Thursday, October 28, 2010

Mad Belief?

Mad belief -- in David Lewis's sense of "mad" -- would be belief with none of the normal causes and none of the normal effects. Such belief, I suggest, would not be belief at all. Delusions might sometimes be cases of beliefs gone half-mad -- beliefs with enough of the functional role of belief that it's not quite right to say that the deluded subject believes but also diverging enough from the functional role of belief that it's not quite right simply to say that the subject fails to believe.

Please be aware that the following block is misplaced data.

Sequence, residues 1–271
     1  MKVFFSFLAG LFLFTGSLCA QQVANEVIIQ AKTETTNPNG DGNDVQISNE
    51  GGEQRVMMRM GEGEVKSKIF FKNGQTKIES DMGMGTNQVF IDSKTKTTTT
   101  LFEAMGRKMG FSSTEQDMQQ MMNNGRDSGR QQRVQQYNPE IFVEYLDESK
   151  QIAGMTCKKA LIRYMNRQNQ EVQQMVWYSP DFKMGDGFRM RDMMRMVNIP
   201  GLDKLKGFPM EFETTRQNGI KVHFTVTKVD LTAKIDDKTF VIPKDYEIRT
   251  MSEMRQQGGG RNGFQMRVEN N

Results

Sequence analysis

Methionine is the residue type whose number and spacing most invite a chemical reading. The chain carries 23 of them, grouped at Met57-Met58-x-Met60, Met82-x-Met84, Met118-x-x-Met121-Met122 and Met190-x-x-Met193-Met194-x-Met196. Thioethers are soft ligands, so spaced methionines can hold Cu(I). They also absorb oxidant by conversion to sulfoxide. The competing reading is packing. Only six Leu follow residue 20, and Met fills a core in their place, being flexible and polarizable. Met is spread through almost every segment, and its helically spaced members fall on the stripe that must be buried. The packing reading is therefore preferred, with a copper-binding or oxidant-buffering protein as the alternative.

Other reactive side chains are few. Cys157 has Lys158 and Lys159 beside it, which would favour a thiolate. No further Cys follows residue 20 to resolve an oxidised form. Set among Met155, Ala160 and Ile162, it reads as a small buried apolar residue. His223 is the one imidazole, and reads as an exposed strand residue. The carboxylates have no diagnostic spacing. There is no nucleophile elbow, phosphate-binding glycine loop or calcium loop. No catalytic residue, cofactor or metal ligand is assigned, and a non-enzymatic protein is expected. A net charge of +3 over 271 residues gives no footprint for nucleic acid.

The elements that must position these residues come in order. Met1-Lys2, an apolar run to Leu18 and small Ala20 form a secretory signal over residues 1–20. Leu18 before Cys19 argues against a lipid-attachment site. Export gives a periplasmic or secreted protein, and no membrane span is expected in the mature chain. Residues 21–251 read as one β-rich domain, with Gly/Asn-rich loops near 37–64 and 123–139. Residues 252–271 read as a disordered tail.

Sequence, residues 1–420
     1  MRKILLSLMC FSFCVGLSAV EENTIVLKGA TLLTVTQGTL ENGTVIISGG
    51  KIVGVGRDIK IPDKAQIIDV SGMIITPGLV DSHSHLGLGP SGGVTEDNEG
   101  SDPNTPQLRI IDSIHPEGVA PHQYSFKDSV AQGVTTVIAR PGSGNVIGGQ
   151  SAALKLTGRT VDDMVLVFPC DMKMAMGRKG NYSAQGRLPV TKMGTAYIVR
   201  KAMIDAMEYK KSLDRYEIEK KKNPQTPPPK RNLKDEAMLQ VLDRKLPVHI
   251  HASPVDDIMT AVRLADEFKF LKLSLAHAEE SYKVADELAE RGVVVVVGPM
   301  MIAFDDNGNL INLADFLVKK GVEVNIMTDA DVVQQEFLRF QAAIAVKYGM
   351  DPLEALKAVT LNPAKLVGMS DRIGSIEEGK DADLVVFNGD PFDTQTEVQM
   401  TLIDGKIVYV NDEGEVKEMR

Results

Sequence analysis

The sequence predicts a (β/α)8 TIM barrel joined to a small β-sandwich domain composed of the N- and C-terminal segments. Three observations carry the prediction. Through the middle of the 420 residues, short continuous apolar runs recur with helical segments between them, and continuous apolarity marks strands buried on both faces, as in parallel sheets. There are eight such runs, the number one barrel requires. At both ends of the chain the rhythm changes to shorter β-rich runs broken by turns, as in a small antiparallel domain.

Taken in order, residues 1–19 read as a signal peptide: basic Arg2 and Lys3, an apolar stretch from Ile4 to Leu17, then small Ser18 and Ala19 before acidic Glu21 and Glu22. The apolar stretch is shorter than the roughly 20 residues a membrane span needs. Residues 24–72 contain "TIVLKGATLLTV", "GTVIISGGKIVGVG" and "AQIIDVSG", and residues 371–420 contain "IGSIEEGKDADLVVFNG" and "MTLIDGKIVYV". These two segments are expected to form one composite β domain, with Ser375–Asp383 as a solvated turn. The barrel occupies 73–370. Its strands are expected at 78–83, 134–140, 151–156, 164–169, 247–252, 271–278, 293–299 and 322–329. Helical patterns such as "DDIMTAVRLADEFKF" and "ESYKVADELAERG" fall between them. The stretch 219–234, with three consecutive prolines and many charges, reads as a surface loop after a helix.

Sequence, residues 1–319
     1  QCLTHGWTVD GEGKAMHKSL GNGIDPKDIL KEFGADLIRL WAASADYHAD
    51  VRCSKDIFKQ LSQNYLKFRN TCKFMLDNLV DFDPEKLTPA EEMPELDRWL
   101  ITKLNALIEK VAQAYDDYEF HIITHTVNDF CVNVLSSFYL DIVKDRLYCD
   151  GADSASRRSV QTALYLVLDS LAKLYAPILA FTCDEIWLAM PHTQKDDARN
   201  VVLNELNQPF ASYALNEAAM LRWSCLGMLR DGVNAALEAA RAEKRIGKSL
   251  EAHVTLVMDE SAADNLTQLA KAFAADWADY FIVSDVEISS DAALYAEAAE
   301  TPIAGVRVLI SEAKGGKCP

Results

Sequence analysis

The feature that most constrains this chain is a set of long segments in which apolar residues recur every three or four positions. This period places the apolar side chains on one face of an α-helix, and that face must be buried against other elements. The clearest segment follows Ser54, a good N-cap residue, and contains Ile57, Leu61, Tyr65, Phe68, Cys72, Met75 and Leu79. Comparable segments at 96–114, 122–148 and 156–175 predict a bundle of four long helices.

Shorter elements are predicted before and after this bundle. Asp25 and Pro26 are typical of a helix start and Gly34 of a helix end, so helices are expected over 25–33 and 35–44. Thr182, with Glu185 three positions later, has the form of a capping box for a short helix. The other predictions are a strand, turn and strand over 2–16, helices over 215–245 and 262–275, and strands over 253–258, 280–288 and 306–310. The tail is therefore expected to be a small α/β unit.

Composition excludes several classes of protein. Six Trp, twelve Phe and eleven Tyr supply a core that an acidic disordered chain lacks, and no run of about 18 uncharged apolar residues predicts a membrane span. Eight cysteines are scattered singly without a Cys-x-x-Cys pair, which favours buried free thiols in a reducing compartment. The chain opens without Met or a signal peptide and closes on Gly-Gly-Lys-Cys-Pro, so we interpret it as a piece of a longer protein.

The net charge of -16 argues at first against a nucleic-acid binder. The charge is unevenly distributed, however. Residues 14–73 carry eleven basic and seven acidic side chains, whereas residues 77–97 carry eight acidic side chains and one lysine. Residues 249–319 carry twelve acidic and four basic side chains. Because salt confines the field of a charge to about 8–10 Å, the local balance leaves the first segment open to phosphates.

So I say, at least, in an essay now available in draft on my website. (As always, comments, revisions, objections welcome -- either attached to this post or emailed directly to me.)

The essay is a commentary on Lisa Bortolotti's recent book Delusions and Other Irrational Beliefs, though it should be readable without prior knowledge of Lisa's book. You might remember Lisa from her recent stint as a guest blogger here at The Splintered Mind.


Brandon N. Towl said...

I think that Dylan Murray (Georgia State) made a similar argument in a recent APA paper...

Eric Schwitzgebel said...

Thanks for the tip, Brandon! I've sent Dylan an email asking about it.